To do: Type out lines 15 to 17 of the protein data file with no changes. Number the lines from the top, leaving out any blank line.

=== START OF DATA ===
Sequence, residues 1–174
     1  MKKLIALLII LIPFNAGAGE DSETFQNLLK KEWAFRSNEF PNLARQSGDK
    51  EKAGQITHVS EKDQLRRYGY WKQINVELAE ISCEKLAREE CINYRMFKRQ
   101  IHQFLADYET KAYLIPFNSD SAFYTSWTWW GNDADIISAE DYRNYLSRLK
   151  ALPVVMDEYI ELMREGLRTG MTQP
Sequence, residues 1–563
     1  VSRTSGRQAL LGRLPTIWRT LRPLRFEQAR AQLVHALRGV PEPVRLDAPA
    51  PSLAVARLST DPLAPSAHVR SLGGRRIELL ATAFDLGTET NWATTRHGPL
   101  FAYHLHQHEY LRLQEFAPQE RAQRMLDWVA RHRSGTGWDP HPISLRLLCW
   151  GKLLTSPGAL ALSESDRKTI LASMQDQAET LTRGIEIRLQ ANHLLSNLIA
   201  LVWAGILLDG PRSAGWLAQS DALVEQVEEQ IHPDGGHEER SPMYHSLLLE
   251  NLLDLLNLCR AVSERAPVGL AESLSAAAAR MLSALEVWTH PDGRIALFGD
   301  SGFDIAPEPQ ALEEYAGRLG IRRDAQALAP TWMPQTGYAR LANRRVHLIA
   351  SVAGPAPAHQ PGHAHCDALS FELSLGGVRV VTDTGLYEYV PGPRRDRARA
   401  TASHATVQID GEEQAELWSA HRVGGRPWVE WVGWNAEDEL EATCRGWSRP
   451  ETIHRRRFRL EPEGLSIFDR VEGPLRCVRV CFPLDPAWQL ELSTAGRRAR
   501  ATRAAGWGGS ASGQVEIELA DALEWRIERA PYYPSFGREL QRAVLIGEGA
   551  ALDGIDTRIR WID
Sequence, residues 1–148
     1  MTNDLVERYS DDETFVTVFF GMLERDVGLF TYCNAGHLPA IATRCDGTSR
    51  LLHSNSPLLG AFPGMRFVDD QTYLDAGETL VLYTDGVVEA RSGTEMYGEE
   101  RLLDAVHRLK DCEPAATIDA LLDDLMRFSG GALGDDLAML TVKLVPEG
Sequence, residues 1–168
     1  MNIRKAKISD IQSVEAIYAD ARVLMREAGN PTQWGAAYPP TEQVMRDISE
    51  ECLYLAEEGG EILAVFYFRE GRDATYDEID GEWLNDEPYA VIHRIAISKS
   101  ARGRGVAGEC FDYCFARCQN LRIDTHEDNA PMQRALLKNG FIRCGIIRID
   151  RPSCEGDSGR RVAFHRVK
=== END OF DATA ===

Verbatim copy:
   401  TASHATVQID GEEQAELWSA HRVGGRPWVE WVGWNAEDEL EATCRGWSRP
   451  ETIHRRRFRL EPEGLSIFDR VEGPLRCVRV CFPLDPAWQL ELSTAGRRAR
   501  ATRAAGWGGS ASGQVEIELA DALEWRIERA PYYPSFGREL QRAVLIGEGA